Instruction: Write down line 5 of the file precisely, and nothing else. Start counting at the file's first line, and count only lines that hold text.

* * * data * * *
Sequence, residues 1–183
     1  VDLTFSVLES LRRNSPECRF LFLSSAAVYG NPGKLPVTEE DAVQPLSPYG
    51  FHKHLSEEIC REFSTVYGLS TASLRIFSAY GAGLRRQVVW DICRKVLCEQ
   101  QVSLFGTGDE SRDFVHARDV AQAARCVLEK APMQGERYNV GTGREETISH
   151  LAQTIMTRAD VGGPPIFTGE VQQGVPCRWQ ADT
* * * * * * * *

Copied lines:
   151  LAQTIMTRAD VGGPPIFTGE VQQGVPCRWQ ADT